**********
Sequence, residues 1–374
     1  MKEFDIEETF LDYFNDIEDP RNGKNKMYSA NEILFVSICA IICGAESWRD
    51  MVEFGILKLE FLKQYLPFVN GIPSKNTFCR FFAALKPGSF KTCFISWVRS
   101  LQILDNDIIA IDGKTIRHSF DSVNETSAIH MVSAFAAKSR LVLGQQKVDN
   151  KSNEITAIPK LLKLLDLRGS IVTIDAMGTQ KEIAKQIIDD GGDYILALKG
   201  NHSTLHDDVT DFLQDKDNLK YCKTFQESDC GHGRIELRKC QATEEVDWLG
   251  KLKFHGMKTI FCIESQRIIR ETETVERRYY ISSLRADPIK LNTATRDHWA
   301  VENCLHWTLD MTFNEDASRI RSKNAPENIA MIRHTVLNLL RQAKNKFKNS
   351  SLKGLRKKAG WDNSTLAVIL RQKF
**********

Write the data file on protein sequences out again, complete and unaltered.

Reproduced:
Sequence, residues 1–374
     1  MKEFDIEETF LDYFNDIEDP RNGKNKMYSA NEILFVSICA IICGAESWRD
    51  MVEFGILKLE FLKQYLPFVN GIPSKNTFCR FFAALKPGSF KTCFISWVRS
   101  LQILDNDIIA IDGKTIRHSF DSVNETSAIH MVSAFAAKSR LVLGQQKVDN
   151  KSNEITAIPK LLKLLDLRGS IVTIDAMGTQ KEIAKQIIDD GGDYILALKG
   201  NHSTLHDDVT DFLQDKDNLK YCKTFQESDC GHGRIELRKC QATEEVDWLG
   251  KLKFHGMKTI FCIESQRIIR ETETVERRYY ISSLRADPIK LNTATRDHWA
   301  VENCLHWTLD MTFNEDASRI RSKNAPENIA MIRHTVLNLL RQAKNKFKNS
   351  SLKGLRKKAG WDNSTLAVIL RQKF